|The amazing burrata mozzarelloa with San Daniele ham.|
You could be forgiven for walking past this hole-in-the-wall without a second glance, but it would be a mistake. Look inside and you will spy an open kitchen in the back, a few beat-up tables and some shelves of groceries. If it’s mealtime, you’ll see Angelo, a Medici reincarnation down to his fingertips (actually, he’s from Pisa), and his crew preparing an array of Tuscan food for his salivating customers.
Procopio Angelo is located in a lovely bit of Paris, all crooked buildings, without a Haussmannian straight line in sight. The menu morphs daily, but there are always a couple of specials and a dozen starters, plus an assortment of pasta and a couple of meat dishes. This time the special was a raw baby artichoke salad, and the meat dishes were osso bucco and piccata of veal, both served with some blindingly good polenta.
We could, in fact, have stopped after the starters. My companion was in ecstasy over whole oozing mozzarella burrata, served with plenty of San Daniele ham, sliced cigarette-paper thin. I had the pappardelle covered with a veritable blizzard of thinly sliced white truffles in a creamy butter-parmesan sauce that was high in flavor without detracting from the heavenly aroma of the truffles.
Duty to my readers, however, required me to go further, so we tried the piccata and osso bucco. Because the pappardelle and burrata were such hard acts to follow, we were less entranced than we might have been with the meat dishes, but even though our appetites had already been dulled, the quality of the ingredients and the cooking shone through unerringly. The meat dishes are typical of Angelo’s home-cooking approach: there’s no attempt to prettify the food, but the servings are generous, and it’s obvious that lots of love and labor have gone into the (on-the-spot, in the case of my piccata) cooking.
We put away a lip-smacking bottle of Casetellacio from the Fattoria Ucelliera, one of the newer Tuscan blends of traditional Sangiovese and Johnny-come-lately Cabernet Sauvignon and Syrah, made near Angelo’s native Pisa.
Duty-bound again, we called for his tiramisu, which tripped a light fantastic on our palates. This was tiramisu with an astronomic wow factor, according to my companion. The two infant girls at the next table loudly agreed.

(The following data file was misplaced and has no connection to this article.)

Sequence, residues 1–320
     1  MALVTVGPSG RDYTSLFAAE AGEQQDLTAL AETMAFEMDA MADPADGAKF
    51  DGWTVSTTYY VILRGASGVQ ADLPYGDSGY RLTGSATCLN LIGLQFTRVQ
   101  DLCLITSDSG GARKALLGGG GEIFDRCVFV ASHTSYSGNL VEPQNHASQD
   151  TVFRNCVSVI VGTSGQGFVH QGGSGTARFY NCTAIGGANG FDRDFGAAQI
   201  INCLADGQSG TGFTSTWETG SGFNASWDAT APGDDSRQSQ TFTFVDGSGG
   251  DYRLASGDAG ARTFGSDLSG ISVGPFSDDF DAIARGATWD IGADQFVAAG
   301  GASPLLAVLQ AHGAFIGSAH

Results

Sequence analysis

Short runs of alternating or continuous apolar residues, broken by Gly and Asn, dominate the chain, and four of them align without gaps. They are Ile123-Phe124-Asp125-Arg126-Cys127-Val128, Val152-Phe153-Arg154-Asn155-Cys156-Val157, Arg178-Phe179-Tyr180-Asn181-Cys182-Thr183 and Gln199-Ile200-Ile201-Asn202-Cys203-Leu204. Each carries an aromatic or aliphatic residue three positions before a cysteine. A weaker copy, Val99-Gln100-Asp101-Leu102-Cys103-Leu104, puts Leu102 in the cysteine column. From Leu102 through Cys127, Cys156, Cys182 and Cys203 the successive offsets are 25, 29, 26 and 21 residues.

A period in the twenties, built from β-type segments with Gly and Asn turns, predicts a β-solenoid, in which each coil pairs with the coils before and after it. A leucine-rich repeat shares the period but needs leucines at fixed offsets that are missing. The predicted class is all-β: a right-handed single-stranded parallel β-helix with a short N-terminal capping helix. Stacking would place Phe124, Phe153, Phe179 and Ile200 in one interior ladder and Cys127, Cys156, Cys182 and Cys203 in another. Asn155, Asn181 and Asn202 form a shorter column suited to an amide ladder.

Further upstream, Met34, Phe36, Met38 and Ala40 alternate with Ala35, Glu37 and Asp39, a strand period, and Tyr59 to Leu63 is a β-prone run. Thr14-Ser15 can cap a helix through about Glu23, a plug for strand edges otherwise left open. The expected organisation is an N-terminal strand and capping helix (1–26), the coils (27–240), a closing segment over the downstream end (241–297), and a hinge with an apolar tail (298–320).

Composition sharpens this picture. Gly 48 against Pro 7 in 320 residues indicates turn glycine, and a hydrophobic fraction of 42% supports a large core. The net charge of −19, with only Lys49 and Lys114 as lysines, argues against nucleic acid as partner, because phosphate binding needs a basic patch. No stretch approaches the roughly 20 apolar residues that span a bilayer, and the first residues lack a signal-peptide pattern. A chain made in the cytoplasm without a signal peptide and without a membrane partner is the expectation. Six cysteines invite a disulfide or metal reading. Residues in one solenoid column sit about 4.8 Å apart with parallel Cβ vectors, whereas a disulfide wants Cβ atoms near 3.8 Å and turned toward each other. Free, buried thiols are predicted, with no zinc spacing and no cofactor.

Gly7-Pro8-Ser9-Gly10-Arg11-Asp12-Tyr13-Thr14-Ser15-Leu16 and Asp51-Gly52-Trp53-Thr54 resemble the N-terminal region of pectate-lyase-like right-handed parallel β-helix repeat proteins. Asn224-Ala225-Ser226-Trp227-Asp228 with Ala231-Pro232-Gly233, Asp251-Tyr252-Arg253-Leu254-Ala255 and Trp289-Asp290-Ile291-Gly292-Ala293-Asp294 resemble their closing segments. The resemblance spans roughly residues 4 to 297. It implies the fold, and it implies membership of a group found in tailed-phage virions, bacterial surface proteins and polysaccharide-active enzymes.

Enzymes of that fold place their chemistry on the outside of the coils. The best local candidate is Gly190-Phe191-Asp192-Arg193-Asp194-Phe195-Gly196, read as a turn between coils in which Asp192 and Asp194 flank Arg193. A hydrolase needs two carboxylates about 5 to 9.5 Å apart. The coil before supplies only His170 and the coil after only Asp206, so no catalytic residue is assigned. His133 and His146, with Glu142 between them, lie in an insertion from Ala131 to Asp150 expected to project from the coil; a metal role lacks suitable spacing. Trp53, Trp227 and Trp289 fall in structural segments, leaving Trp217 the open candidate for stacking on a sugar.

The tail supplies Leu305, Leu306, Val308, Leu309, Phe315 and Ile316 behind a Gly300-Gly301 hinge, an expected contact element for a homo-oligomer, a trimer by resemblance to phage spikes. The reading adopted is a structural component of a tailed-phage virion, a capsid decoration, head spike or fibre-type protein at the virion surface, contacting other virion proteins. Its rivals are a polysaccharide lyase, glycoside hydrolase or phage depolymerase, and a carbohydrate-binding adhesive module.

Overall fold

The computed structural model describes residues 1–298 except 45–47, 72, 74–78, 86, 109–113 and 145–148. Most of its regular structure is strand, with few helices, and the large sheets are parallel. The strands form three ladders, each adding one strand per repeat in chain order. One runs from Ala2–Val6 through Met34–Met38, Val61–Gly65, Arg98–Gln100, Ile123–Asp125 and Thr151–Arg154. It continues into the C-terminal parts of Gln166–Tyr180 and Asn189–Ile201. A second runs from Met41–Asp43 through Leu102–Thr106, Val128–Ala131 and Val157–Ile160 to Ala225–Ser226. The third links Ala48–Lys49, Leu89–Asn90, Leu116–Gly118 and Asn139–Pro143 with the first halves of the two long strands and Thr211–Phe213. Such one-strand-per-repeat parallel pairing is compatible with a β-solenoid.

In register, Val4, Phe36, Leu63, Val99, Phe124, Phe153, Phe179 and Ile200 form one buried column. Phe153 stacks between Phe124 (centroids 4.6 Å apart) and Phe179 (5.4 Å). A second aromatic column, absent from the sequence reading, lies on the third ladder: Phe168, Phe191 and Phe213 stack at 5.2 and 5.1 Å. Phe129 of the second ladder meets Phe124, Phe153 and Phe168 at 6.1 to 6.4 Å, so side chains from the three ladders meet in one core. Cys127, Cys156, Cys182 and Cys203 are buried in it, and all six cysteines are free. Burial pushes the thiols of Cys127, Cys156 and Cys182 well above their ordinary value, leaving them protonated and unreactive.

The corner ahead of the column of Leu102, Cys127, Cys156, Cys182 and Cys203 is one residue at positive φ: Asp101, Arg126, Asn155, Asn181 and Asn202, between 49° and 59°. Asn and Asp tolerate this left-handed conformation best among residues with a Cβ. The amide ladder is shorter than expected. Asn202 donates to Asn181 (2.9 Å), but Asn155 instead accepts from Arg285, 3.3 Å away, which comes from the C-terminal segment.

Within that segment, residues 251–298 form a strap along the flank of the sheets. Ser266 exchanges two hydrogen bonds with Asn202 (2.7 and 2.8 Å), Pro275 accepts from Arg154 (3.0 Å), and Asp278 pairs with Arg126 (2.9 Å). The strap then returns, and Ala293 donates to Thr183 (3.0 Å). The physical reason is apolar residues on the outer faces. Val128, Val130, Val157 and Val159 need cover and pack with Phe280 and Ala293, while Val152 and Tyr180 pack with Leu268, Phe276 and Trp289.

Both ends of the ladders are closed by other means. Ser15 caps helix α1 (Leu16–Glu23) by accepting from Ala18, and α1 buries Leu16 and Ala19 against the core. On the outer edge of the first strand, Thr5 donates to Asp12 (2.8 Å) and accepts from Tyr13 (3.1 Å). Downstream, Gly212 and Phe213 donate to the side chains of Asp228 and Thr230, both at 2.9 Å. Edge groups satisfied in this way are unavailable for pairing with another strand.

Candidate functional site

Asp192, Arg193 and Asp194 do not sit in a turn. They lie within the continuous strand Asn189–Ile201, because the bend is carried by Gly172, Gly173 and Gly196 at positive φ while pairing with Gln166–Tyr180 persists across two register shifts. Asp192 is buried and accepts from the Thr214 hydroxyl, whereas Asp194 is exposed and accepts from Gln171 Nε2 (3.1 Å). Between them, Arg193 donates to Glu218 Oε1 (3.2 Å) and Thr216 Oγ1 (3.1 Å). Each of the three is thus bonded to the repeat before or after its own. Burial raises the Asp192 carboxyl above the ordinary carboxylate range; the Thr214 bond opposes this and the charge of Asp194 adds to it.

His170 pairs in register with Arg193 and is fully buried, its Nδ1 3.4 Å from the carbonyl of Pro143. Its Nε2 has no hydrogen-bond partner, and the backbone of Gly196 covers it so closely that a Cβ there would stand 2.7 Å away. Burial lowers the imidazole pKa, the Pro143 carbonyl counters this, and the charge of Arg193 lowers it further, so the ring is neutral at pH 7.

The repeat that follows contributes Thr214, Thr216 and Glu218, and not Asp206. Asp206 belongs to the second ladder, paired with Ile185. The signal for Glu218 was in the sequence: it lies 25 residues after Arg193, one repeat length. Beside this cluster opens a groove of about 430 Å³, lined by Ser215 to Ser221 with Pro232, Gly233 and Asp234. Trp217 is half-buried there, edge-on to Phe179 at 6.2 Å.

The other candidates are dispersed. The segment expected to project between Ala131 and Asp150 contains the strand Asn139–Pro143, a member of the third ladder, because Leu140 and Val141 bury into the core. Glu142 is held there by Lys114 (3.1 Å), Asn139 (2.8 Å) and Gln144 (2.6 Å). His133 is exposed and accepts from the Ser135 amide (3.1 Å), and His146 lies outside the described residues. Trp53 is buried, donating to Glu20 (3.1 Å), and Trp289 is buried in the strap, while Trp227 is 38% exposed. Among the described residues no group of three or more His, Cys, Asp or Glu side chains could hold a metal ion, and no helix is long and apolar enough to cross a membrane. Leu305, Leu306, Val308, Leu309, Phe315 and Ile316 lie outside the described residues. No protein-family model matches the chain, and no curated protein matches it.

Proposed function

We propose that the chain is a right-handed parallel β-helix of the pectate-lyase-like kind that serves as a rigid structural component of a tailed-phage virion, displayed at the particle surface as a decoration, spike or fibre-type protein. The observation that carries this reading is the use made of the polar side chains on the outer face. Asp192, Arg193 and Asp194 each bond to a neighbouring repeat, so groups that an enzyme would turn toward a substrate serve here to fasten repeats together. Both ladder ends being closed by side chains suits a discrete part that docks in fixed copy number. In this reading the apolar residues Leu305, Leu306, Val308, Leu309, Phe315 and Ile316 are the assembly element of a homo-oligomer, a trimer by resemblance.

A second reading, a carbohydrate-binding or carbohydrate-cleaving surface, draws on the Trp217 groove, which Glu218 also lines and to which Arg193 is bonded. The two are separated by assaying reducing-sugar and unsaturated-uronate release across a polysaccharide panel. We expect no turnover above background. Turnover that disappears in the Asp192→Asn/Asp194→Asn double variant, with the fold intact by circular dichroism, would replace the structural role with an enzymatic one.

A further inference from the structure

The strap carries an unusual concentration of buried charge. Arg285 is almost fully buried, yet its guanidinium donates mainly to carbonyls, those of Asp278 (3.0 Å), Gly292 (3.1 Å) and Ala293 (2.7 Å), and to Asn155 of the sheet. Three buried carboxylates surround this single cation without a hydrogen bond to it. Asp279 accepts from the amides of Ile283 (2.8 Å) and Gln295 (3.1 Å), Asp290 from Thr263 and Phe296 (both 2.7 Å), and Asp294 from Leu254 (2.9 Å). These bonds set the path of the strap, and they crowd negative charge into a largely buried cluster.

Be aware that Angelo shouts greetings (“Ciao, bella”) and suggestions to his customers as he works, so noise levels can rise, especially when those customers are other Italians and their small children.
While we were there, a steady stream of locals made extensive use of the much cheaper takeaway prices, and all the while, Angelo kept up the banter, occasionally checking that we were happy with our food. We were, and we’ll be back.
Across the street and a few doors down (at 40, rue Saint Honoré) is the quaintly named Lovin’ Caviste, a self-styled “contemporary” wine store with an interesting stock of big-hitting Burgundies and Bordeaux, and a sampling of new-generation winemakers from southern France, many producing organic wines. They also have some New World wines and an unexpected collection of rare malt whiskies.
Lastly, I regret to report the demise of a favorite restaurant, Les Zingots. It will be sorely missed.
Procopio Angelo: 89, rue Saint Honoré, 75001 Paris. Tel.: 01 40 41 06 25. Métro: Louvre-Rivoli. Nearest Vélib stations: 29, rue Berger; 36, rue de l’Arbre Sec. Open Monday for dinner only; Tuesday-Saturday for lunch and dinner (last service: 10.30pm). A la carte: €25-€30* (takeaway prices are 25-30 percent lower).
* three courses, not including wine
Reader Joe Wright writes: “I had my mind made up that I was going to eat at traditional French restaurants when I visit Paris in December, like “Chez Denise”, “Chez Robert et Louise” etc. However, as a frequent visitor to Italy (especially Florence), your article on Procopio Angelo has reminded me of just how much I love the Tuscan cuisine that you get in the likes of “Osteria Belle Donne” and “Alla Vecchia Bettola” in Florence. But also how much my family and I enjoyed the meal we had at a little Italian Restaurant, “Presto Fresco”, in Rue Montmartre when we visited Paris last July. My heart says French …. my tummy says Italy!”
© 2008 Paris Update
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